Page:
The Lee Line also had a riverboat called the Stacker Lee, built in 1902 and named after the white cavalryman. It joined the fleet too late to influence Shelton's choice of nickname, but its regular trips between St Louis and Memphis may well have helped to spread his story's fame and spark new versions of the song. Other boats from the Lee Line inspired blues songs of their own, most notably Charley Patton's 1929 Jim Lee Blues, but only the Stacker Lee came with a ready-made legend attached.
The first records to exploit that legend were instrumentals by white dance bands. Fred Waring's Pennsylvanians and Frank Westphal's Royal Novelty Orchestra released rival versions of a foxtrot called Stack O'Lee Blues in 1923, which sounds nothing like the tune we know today. Duke Ellington's Washingtonians added their own recording of this instrumental in 1927.
The first black version of the song committed to wax was Ford & Ford's Skeeg-a-Lee Blues, released by Paramount in 1924. Ma Rainey recorded a jazzy song called Stack O'Lee Blues two years later, but took the tune and some lyrics from Frankie & Albert, another St Louis murder ballad of about the same vintage. Rainey makes no attempt to tell the story of Billy Lyons' killing. Her Stack O'Lee is certainly a villain but his sin, like Albert's, is treating his woman badly. “He was my man,” Rainey groans. “But he done me wrong.”
The first records based on the real murder arrived in 1927. An early Mississippi bluesman called Little Harvey Hull and his trio The Down Home Boys put a subversive spin on the tale with their Original Stack O'Lee Blues. Accompanied by a slow-picked acoustic guitar, Hull sings:
“Stack said to Billy
'How can it be,
You arrest a man that's as bad as me,
But you won't arrest Stack O'Lee?'
And it's oh, Stack O' Lee!”
“Standing on the corner,
Well I didn't mean no harm,
Well that policeman caught me,
Well he grabbed me by my arm,
And it's oh, Stack O'Lee!” (6)
It's clear from these verses that Hull casts Billy as a policeman - presumably a white policeman - and one who tries to arrest Stack on a trumped-up charge. It's also clear that Billy is a little afraid of Stack, and that Stack is confident enough to taunt this white authority figure to his face. When the cowardly, unjust, copper forces Stack to kill him, it seems like an entirely excusable crime, and we join Hull in an indulgent chuckle when Stack returns to his old roguish ways in the song's final verse. This treatment of Billy may have been inspired by the fact that Lyons had once worked as a watchman - what we would call a security guard, and only one step removed from the police.
Like many early versions of the song, Hull's take was released on a “race” label, aimed at an exclusively black audience and offering them a cathartic tale of a strong black man overcoming bigoted white authority. Stag had long been an anti-hero in the work songs and folktales telling his story, and most of the records following Hull's would take that line too.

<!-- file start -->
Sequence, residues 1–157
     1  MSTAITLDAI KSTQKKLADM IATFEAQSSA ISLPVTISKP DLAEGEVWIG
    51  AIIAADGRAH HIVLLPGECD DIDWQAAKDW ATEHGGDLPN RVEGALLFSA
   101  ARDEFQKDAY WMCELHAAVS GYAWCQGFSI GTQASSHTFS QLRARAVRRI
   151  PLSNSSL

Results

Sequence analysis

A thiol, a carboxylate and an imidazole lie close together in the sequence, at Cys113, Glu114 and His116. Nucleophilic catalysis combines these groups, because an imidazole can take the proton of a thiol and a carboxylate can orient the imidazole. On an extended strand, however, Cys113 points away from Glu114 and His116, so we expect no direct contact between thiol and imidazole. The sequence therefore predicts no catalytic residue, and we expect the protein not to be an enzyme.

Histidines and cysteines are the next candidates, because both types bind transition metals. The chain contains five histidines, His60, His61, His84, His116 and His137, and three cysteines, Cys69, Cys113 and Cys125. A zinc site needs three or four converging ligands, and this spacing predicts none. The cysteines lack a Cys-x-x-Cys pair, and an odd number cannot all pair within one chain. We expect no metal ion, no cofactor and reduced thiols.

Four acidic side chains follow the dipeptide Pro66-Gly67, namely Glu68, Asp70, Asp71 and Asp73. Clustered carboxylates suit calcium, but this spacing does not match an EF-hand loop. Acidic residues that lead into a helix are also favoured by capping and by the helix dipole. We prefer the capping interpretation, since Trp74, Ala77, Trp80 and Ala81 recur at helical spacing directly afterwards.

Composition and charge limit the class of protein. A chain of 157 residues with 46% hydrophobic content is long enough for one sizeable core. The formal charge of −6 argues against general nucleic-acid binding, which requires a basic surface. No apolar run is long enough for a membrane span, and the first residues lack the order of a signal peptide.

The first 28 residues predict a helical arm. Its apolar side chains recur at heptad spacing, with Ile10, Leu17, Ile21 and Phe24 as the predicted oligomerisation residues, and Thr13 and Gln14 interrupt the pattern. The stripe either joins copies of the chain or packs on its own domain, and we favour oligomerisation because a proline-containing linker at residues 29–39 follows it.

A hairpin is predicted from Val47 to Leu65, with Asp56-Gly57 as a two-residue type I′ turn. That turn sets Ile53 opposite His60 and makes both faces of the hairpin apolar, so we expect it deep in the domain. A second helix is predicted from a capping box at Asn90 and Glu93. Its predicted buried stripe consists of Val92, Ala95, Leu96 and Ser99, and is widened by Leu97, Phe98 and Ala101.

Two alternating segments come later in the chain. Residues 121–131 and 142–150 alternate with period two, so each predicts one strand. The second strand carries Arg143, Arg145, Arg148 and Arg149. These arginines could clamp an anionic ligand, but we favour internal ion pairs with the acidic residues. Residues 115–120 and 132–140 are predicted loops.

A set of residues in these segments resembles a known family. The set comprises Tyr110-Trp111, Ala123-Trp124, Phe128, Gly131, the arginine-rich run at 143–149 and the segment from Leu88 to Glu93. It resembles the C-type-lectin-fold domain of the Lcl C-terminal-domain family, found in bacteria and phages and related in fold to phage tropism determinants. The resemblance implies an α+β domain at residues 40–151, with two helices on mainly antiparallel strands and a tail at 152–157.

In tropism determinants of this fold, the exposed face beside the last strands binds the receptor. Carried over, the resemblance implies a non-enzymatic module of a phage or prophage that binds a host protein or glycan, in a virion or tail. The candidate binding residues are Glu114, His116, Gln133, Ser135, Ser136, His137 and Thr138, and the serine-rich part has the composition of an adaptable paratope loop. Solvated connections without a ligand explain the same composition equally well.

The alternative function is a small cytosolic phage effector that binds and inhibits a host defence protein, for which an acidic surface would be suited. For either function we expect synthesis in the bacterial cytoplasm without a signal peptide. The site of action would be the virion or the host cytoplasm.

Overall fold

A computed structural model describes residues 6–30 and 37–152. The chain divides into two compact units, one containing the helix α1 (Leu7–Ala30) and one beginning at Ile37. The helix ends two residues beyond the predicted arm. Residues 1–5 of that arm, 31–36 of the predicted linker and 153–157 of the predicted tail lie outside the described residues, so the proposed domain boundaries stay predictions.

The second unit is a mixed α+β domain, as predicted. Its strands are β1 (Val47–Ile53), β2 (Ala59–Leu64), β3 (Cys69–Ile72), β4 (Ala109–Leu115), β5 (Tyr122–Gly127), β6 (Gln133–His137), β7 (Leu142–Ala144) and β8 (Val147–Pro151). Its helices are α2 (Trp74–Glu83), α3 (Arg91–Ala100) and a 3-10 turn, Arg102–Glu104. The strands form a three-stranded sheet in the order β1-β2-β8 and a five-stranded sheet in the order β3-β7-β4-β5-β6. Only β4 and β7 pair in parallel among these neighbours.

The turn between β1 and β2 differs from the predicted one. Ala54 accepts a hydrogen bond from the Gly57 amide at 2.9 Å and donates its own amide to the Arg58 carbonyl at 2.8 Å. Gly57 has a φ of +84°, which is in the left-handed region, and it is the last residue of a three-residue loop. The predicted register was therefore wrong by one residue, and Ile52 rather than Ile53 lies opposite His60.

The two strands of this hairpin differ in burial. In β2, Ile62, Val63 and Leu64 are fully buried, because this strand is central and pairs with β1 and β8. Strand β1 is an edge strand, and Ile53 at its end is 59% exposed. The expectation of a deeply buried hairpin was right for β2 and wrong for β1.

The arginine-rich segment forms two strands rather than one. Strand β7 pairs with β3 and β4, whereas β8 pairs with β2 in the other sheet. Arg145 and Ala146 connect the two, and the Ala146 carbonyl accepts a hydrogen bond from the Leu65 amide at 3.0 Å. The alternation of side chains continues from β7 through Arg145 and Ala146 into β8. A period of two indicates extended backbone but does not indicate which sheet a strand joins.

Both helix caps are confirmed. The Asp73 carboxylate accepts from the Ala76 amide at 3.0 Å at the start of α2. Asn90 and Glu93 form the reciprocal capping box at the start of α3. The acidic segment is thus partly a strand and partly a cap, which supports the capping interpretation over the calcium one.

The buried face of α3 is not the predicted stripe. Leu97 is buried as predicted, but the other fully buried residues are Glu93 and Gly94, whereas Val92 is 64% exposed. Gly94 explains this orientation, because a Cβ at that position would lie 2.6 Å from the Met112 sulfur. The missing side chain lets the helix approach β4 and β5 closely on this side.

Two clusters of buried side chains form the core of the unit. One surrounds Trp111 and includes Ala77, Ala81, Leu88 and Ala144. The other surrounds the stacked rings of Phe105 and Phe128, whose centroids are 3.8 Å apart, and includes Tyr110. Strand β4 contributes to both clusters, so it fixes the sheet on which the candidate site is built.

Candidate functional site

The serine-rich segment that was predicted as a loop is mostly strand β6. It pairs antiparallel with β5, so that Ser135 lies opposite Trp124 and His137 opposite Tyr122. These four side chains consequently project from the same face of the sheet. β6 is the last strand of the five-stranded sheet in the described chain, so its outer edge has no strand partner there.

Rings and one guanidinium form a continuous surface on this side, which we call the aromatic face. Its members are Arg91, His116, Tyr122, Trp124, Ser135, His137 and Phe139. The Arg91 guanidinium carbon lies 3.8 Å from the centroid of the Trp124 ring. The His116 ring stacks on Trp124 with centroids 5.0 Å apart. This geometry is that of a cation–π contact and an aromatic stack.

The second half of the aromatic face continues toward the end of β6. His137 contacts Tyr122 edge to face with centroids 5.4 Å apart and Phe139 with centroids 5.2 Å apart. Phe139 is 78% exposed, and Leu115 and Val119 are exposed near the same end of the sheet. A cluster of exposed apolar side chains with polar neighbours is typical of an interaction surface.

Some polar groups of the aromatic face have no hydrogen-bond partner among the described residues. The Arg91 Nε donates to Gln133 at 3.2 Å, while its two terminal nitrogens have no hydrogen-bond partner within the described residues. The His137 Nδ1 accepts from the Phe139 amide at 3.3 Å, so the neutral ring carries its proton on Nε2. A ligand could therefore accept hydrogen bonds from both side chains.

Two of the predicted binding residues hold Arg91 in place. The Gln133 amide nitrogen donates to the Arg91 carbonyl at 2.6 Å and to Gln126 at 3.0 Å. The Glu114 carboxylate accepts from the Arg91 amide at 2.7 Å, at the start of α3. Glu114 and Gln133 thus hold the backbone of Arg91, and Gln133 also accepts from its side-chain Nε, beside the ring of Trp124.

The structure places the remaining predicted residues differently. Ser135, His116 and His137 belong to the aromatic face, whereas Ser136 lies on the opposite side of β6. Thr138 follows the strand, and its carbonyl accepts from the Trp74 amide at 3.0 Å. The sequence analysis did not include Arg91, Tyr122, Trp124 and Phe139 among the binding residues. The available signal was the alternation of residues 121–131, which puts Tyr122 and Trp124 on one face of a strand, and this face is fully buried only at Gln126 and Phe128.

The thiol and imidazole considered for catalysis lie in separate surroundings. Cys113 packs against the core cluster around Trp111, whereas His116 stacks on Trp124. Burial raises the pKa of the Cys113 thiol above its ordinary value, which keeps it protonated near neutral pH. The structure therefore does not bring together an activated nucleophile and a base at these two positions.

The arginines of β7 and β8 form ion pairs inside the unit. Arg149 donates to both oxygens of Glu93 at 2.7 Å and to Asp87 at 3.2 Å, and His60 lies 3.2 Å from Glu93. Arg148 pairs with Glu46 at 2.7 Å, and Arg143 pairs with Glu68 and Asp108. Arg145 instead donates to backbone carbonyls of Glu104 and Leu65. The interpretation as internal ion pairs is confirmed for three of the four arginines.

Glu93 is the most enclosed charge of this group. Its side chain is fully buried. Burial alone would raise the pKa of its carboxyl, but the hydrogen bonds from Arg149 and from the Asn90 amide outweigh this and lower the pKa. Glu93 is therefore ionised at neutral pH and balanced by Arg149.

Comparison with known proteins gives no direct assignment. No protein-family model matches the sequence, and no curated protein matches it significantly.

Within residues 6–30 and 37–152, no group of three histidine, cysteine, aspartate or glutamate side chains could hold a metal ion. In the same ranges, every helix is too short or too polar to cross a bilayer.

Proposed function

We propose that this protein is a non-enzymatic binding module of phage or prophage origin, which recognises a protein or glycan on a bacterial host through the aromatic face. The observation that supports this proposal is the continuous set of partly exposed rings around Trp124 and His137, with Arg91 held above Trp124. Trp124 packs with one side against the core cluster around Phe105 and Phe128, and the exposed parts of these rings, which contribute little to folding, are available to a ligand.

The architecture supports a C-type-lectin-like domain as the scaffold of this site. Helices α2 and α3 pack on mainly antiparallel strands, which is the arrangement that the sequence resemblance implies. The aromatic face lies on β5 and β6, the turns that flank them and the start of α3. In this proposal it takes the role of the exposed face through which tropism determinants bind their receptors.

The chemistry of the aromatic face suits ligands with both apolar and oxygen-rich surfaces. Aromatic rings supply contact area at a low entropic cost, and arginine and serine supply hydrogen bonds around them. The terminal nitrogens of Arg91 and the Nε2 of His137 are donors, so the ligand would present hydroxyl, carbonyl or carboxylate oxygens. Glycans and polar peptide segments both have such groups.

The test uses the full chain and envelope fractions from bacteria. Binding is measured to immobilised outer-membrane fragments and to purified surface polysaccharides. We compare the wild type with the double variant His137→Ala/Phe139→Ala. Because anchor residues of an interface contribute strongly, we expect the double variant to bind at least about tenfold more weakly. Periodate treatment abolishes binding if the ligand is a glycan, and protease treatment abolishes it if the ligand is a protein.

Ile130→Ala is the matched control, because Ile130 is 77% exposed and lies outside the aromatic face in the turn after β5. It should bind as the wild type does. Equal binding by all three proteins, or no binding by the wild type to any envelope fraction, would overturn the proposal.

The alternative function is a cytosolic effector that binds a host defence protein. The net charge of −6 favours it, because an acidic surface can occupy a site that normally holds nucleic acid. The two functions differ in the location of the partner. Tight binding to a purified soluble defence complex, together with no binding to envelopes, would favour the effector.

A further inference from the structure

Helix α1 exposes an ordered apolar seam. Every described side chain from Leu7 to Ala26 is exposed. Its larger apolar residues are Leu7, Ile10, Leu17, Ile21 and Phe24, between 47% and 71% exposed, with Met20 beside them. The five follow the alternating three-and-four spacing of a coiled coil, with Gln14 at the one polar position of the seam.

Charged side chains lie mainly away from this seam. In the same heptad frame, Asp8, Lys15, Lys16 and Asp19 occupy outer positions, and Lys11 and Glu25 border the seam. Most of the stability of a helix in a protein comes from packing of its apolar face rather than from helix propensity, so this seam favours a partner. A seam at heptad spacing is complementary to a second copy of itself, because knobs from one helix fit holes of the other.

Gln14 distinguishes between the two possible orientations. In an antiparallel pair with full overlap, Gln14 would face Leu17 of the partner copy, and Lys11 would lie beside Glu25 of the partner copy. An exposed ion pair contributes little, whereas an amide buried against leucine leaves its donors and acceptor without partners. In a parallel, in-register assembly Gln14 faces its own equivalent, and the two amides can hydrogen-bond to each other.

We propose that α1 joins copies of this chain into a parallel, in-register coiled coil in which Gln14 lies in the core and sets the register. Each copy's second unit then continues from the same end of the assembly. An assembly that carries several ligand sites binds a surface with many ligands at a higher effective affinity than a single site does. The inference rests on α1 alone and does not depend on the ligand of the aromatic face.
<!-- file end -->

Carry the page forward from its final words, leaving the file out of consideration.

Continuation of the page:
Most, but not quite all. Mississippi John Hurt's version of Hull's tune, released the following year, contrasted Hurt's wonderfully pretty guitar playing with a resolutely unromantic set of lyrics:
“Gentlemens of the jury,
What you think of that?
Stack O'Lee killed Billy Lyons,
'Bout a $5 Stetson hat,
That bad man,
Oh cruel Stack O'Lee!
“Standing on the gallows,
Head way up high,
At 12 o'clock they killed him,
They was all glad to see him die,
That bad man,
Oh cruel Stack O'Lee!” (7)
Hurt's delivery suggests a bone-weary sadness at the constant violence poor black communities like St Louis' would have had to endure. He begins by berating the police for refusing to arrest Stack earlier and reminds us again and again just how cruel this bad man is. Stack may have felt Billy's theft of his Stetson obligated him to kill the man, but Hurt clearly thinks that's ridiculous.
Hurt allows Stack a moment of dignity on the gallows - “head way up high” - but gives no sign of regretting his demise. When Beck came to cover Hurt's version of Stack O'Lee for a 2001 tribute album, he drove this point home by changing “They was all glad to see him die” to “We were all glad to see him die”. On this reading, even the song's narrator is glad to see the back of him.
Some people argue that this we/they discrepancy should be seen as evidence of unconscious racism. Only the white singers, it's claimed, are prepared to join in the rejoicing at a black man's death. McCulloch and Hendrix raise this point in their graphic novel, only to dismiss it almost instantly (8). White singers, they argue, re-make Stack in their own image as the song proceeds, and if their Stack is a white man, then how can the “we” be racist?
My own view is that the choice of pronoun depends less on the singer's race than on where he's decided to place himself in the song. A performer who wants to cast himself as a participant in the story becomes part of the crowd watching Stack's execution, and so uses “we”. Someone preferring to remain a neutral narrator of the tale, watching it all from outside, would naturally opt for “they”.
It's also worth noting that the record of white singers' and black singers' pronoun use is far more jumbled than the racism theory suggests. Tennessee Ernie Ford, Pete Seegar and Ralph Stanley are all white, and yet all have recorded versions of the song saying “they killed him” and “they were glad to see him die”. Among black artists, both bluesman Sonny Terry and Dom Flemons of the Carolina Chocolate Drops have used “we” and even “I”. And what are we to make of versions like the Beck one mentioned above, which uses “they killed him” and “we were glad” in two consecutive lines?